The Daily Brew: So, how close were congressional elections in 2018?

The Daily Brew
Welcome to the Tuesday, June 11, Brew. Here’s what’s in store for you as you start your day:

  1. Five Senate and 44 House races in 2018 were decided by less than 5 percent
  2. Voters to decide at least 19 statewide ballot measures in five states this year
  3. Johnson elected Dallas mayor; Mayor Nirenberg wins re-election in San Antonio

Five Senate and 44 House races in 2018 were decided by less than 5 percent

Last year’s elections were held seven months ago. But we all know it is fun to look back and crunch the numbers every now and then. Today, we explore the margin-of-victory figures.

The average margin of victory in the 2018 elections was the smallest it had been in even-year congressional races since 2012.

Margin of victory—or MOV—is the difference between the share of votes cast for the winning candidate and the share cast for the losing one.

The table below shows the number of congressional elections won by each party in three categories—a margin of less than 5%, a margin between 5% and 15%, and a margin of greater than 15%.

Elections by margin of victory

Since it is June, the sixth month of the year, here are six more quick facts from our research:

  • Sixty-nine percent of 2018’s congressional races were decided by a margin of more than 15 percentage points.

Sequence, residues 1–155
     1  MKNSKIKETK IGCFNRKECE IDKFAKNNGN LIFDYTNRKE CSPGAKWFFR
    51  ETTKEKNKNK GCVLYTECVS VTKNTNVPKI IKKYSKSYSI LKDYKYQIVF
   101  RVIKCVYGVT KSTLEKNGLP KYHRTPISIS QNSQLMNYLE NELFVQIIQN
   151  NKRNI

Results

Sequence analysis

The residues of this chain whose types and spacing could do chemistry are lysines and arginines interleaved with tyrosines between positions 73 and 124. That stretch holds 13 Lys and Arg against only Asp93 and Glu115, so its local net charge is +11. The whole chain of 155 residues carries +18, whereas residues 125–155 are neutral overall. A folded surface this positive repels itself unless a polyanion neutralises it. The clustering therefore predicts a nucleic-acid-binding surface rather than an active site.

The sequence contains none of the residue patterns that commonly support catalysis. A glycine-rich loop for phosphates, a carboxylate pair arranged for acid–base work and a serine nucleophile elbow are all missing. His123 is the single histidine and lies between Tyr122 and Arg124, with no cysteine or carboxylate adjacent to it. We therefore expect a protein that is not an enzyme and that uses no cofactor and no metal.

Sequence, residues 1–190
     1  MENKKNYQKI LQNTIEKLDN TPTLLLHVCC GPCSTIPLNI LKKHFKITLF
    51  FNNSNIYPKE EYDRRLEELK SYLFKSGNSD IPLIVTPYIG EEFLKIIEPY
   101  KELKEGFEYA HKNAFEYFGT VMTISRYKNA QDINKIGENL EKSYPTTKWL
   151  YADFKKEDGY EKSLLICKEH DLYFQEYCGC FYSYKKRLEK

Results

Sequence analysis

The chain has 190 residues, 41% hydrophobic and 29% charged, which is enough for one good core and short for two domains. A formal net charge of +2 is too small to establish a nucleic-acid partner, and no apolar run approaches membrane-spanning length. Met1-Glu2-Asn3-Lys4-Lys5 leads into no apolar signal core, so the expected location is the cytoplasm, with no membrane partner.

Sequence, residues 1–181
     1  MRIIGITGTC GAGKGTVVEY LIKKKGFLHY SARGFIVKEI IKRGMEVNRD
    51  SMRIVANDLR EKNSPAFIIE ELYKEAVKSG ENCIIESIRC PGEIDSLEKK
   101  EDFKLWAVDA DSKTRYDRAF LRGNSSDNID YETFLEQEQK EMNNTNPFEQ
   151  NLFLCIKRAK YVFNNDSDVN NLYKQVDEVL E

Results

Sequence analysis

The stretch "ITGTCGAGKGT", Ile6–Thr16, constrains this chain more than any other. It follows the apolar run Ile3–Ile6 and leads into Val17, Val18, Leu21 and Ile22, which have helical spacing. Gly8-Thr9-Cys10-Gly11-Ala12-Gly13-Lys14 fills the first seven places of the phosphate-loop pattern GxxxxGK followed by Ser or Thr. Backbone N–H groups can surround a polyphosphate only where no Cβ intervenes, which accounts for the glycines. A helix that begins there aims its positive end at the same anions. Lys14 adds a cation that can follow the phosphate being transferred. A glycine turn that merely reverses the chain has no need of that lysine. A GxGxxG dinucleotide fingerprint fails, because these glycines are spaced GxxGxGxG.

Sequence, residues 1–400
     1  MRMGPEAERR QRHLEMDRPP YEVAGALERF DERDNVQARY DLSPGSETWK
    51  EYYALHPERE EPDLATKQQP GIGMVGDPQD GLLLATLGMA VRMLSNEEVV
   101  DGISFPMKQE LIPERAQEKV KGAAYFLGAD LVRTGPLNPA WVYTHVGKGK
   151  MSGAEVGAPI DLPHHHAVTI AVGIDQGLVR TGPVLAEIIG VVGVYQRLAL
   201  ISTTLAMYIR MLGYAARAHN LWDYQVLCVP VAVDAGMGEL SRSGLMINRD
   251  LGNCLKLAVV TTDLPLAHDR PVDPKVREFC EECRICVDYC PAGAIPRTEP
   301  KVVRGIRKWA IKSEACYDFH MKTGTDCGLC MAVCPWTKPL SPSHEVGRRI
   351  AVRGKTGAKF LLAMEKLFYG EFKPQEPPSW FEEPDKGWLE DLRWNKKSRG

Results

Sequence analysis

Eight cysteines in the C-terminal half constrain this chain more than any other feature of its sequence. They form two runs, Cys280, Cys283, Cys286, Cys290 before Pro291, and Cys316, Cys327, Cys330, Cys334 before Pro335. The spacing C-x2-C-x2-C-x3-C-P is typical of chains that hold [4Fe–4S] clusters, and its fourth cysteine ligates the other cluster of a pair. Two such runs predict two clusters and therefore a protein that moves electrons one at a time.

• In 2018’s 33 regularly-scheduled U.S. Senate elections, the average MOV was 16.8%. This was the smallest average since 2012 when that year’s Senate races averaged a 20% MOV.

  • Republican candidates who won Senate races had an average MOV of 14.3%, compared to an MOV of 16.8% in races won by Democratic candidates. Seventeen Senate races (more than half) were decided by a margin of victory greater than 15%.

  • The closest Senate race was in Florida, where then-Gov. Rick Scott (R) defeated incumbent Bill Nelson (D) by a margin of 0.12%—10,003 votes out of 8.2 million cast. The largest MOV was in Hawaii, where incumbent Mazie Hirono (D) won by 42.3%.

  • In 434 U.S. House elections, the average margin of victory was 30.2%. This was the smallest average since 2012 when the average MOV was 31.8%. Republican candidates who won did so by an average margin of 22.8%. The average margin in House races won by Democrats was 36.6%.

  • The closest House race was in Georgia’s 7th Congressional District where incumbent Rob Woodall (R) defeated Carolyn Bourdeaux (D) by 433 votes—a margin of 0.15%.

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Ballotpedia Events

Voters to decide at least 19 statewide ballot measures in five states this year

In the last few months, I’ve brought you stories about individual ballot initiatives that will be decided by voters in 2019. As we near the halfway point in the year, let’s take the temperature of where things stand so far.